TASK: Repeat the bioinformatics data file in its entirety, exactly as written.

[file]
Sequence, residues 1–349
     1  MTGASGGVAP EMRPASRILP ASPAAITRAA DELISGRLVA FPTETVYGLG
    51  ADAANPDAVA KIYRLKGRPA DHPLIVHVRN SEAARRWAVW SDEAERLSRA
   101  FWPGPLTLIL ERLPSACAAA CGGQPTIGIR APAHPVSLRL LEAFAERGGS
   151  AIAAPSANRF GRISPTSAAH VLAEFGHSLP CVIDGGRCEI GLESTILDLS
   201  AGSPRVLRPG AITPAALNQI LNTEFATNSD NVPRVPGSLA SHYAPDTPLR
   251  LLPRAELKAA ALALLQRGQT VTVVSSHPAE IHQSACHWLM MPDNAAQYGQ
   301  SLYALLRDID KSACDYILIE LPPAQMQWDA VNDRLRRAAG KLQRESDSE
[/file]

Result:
Sequence, residues 1–349
     1  MTGASGGVAP EMRPASRILP ASPAAITRAA DELISGRLVA FPTETVYGLG
    51  ADAANPDAVA KIYRLKGRPA DHPLIVHVRN SEAARRWAVW SDEAERLSRA
   101  FWPGPLTLIL ERLPSACAAA CGGQPTIGIR APAHPVSLRL LEAFAERGGS
   151  AIAAPSANRF GRISPTSAAH VLAEFGHSLP CVIDGGRCEI GLESTILDLS
   201  AGSPRVLRPG AITPAALNQI LNTEFATNSD NVPRVPGSLA SHYAPDTPLR
   251  LLPRAELKAA ALALLQRGQT VTVVSSHPAE IHQSACHWLM MPDNAAQYGQ
   301  SLYALLRDID KSACDYILIE LPPAQMQWDA VNDRLRRAAG KLQRESDSE